It's not easy being green in San Antonio
AUSTIN, TEXAS — Some radio stations provide traffic reports or details of a coming thunderstorm. In San Antonio, KROM-FM alerts listeners when the Border Patrol is in the area.
It's a running gag on the morning show called "Matty y Ramon en la Manana," where listeners call the station and tell it where they've seen limones verdes or "green limes" around town.
Green limes? "That's like a code word," says Roger Leal, the station's program director. "Verdes, because they wear green uniforms, and limones, because if they catch you, they'll sour your whole day."
"It's all in fun," he adds. "People love that cat-and-mouse game."
No one, not even the Border Patrol, says these alerts have any effect on the enforcement of immigration laws. Even so, the humor reflects deeper beliefs and attitudes, and even something as lighthearted as a limones verdes report speaks volumes - in positive and troubling ways - about the mind-set in the Southwest.
"The fact that they are broadcasting it is an interesting twist," says Luis Plascencia, associate director of the Tomas Rivera Policy Institute at the University of Texas in Austin.
But aside from the modern technology involved, he says, this is just a continuation of the same Western sensibility that cheered on lawbreakers like Jesse James, Bonnie and Clyde, and - for that matter - Robin Hood.
The idea for KROM's limones verdes alerts came from a listener, says Mr. Leal.
"A guy called in to say his buddy was being deported, and he asked if maybe we could say goodbye to him over the air. We said, why not?" he laughs. "Actually, I think we said to the [deportee] 'See you next week.' "
OK to be illegal
Outside observers say the radio station's activities are a sign of how much illegal immigration has become a part of the American cultural parlance.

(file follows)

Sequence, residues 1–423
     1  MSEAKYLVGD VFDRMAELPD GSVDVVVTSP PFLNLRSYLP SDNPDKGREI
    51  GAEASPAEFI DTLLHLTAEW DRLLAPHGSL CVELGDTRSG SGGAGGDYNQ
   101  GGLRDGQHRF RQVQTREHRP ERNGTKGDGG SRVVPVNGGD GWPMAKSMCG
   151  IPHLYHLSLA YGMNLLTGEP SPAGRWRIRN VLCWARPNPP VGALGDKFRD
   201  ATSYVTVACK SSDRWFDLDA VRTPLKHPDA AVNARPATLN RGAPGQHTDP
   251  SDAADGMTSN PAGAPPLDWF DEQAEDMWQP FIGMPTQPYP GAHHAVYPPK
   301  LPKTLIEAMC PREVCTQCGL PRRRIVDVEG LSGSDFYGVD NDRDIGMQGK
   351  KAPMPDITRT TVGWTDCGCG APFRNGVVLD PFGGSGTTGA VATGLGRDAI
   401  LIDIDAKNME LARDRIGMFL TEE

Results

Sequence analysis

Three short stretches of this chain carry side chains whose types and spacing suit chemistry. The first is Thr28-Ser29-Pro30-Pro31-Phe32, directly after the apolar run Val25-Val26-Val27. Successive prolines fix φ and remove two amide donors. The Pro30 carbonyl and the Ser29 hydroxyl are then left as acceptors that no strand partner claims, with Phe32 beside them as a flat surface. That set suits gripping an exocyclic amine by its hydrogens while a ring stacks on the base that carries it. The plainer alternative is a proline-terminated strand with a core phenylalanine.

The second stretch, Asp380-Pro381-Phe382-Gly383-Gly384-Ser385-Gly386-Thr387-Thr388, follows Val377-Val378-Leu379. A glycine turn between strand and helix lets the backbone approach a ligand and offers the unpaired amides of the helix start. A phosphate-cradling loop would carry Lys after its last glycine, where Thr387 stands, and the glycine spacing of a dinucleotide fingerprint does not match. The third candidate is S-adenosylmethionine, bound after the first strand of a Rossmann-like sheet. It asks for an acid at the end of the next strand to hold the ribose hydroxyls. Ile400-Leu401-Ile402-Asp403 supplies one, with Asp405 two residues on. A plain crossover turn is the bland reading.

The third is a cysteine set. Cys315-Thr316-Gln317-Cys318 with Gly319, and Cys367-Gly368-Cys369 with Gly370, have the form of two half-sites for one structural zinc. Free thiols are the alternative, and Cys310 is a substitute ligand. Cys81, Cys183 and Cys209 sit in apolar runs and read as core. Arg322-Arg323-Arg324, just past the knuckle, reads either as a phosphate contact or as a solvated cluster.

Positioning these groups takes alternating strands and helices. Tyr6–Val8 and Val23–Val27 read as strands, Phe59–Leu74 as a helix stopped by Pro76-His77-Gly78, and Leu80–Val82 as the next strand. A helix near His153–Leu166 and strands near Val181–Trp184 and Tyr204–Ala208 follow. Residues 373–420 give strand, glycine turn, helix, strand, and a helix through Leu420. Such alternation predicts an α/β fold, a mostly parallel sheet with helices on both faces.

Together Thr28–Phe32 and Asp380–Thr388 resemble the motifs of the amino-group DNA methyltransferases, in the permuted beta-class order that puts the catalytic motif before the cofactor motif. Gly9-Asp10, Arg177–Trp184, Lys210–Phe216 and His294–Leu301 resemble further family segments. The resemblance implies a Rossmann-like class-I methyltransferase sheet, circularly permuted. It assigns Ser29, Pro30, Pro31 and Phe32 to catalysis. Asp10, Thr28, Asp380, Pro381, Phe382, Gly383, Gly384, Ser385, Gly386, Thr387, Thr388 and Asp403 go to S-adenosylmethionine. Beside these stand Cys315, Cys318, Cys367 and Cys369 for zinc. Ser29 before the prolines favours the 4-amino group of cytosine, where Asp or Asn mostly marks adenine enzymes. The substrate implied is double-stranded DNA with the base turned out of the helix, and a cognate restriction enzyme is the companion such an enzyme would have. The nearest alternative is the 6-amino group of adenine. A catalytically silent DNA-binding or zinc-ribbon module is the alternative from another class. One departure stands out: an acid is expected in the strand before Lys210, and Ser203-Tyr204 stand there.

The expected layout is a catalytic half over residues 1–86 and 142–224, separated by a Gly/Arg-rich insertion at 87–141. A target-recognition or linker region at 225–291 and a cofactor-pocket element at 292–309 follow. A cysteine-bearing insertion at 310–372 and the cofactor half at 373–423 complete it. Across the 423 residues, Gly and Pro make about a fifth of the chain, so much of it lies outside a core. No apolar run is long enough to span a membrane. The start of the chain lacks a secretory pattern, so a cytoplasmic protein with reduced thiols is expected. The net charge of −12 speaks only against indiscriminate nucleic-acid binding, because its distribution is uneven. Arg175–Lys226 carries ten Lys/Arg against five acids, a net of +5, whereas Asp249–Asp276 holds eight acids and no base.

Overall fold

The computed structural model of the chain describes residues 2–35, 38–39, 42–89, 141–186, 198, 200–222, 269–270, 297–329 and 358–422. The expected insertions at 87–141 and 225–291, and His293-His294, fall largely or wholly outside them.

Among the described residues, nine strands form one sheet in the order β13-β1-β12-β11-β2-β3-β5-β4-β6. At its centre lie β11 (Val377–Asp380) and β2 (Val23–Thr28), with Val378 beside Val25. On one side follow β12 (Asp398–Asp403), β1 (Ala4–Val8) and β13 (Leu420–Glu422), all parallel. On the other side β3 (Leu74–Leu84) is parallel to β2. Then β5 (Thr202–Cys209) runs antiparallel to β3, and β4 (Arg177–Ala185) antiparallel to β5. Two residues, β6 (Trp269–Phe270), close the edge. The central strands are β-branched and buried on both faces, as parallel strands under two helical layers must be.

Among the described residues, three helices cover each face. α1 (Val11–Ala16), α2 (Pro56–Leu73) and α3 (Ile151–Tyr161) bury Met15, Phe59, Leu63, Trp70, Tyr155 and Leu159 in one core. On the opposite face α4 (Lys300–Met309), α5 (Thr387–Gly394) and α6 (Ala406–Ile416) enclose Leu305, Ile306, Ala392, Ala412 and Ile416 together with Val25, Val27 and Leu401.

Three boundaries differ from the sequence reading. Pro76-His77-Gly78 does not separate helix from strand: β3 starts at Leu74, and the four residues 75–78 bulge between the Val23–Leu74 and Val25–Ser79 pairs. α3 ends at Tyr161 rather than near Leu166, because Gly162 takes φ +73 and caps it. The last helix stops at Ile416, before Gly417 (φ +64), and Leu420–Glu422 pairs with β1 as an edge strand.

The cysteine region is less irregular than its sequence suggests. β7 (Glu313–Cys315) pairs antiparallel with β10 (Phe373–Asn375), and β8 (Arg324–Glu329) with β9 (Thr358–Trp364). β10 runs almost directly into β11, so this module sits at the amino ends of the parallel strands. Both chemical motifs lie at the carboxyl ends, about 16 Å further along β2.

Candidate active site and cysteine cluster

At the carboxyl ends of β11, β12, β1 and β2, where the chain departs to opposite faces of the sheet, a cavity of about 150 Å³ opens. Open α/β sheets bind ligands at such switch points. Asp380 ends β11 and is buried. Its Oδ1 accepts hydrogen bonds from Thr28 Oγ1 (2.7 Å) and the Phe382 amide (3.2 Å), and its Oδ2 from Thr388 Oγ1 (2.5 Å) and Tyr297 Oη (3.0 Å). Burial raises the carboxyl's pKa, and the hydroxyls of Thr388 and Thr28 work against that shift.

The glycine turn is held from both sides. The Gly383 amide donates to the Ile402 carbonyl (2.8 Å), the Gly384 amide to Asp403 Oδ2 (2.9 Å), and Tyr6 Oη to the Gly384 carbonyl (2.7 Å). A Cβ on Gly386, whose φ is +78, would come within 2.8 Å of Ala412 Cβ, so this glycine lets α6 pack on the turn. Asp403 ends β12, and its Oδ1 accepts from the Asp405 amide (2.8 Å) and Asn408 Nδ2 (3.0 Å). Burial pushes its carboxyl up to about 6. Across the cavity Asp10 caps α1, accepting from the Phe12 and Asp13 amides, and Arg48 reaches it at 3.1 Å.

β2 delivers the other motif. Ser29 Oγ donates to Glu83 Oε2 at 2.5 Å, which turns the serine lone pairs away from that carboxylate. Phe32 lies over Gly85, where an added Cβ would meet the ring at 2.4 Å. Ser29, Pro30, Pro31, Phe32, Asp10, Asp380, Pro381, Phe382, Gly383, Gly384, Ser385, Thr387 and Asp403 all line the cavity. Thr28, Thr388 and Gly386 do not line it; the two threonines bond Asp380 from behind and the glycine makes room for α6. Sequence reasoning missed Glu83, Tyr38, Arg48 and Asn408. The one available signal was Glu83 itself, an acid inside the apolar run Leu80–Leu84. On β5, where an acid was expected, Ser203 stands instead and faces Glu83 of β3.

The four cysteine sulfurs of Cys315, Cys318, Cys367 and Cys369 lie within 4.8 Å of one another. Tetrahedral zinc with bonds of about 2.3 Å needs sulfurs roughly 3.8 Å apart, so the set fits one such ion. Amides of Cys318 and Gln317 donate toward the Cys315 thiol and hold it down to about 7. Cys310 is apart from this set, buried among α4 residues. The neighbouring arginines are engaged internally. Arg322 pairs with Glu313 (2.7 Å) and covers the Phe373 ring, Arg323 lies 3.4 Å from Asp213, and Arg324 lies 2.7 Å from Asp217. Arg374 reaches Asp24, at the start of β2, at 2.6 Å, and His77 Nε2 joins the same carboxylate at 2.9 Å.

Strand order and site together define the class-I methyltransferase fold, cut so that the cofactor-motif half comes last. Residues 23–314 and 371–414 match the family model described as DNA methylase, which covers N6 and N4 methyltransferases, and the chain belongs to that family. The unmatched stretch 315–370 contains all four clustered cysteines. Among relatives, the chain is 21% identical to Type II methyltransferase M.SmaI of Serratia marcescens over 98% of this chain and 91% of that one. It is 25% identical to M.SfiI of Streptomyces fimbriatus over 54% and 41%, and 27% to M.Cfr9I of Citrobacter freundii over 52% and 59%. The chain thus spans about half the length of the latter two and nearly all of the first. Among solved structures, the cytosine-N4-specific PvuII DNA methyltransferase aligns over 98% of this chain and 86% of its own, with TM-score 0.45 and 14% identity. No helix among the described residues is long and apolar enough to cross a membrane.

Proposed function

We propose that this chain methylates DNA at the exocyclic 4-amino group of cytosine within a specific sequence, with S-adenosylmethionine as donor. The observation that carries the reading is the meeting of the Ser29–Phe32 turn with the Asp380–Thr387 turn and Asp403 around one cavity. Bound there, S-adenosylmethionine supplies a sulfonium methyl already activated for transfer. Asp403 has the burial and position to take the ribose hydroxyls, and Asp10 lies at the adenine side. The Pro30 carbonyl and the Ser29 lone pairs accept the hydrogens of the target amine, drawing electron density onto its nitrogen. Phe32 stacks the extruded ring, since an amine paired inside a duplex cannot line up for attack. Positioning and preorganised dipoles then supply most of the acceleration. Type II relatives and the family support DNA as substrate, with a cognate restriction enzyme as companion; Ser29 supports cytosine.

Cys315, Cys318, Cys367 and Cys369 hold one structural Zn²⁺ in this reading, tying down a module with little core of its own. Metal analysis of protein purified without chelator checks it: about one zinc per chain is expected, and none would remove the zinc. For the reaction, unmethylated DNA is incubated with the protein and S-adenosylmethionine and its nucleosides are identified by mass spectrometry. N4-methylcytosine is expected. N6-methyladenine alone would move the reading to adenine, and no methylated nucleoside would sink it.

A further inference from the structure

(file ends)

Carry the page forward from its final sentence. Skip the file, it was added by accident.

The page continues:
"With the San Antonio radio station broadcasting reports on the Border Patrol, we are seeing the results of our contradictory policies toward immigration," says Mark Krikorian, director of the Center for Immigration Studies in Washington. "We have put in place a system that promotes large-scale legal and illegal migration from Mexico, and at the same time we want to have a sovereign border."
Noting that the station is doing nothing illegal, he still worries that efforts to curb illegal immigration are being cheapened by the fact that no one is speaking out against the show. "That sends a message: Illegal isn't really all that illegal," he says.
For their part, Border Patrol officials say the alerts don't affect their ability to do their job. After all, San Antonio is a large city of 1.3 million inhabitants; only eight of them are Border Patrol agents. And by the time the information goes over the air - the radio station records the calls, edits them, and broadcasts them 15 minutes after the agents are first sited - the Border Patrol activity is generally finished.
Besides, there are other, more reliable ways for immigrants to hear about Immigration and Naturalization Service raids.
For instance, Mr. Plascencia of the Tomas Rivera Institute says he used to get a few hours notice before any raid in Austin through his friend, the owner of a taco stand.
Right before a raid, the INS would call up this taco vendor to order enough food for 30 people, to feed captured migrants in those few hours before buses arrived to carry them back to the border.
"So through a taco order," Plascencia chuckles, "you knew what was going to happen. You just didn't know where."
Joke's on whom?
As far as the KROM program goes, Border Patrol agents say they've been called worse things than a "sour lime." Even so, some officials say they don't see the humor in these alerts.
"It's not in good humor, and it's not in good taste, but I'm not going to get all excited about it," says Richard Marroquin, deputy chief for the Border Patrol's Laredo sector, which includes San Antonio. "I think it's a lack of professionalism on their part.... But I have no jurisdiction over that."
But Leal says he'll keep the routine going as long as the phone calls keep coming.
"We're a radio station, and our listeners enjoy it," he says. As for the Border Patrol, he adds, "We've heard through the press that they have a sense of humor, too."
(c) Copyright 2000. The Christian Science Publishing Society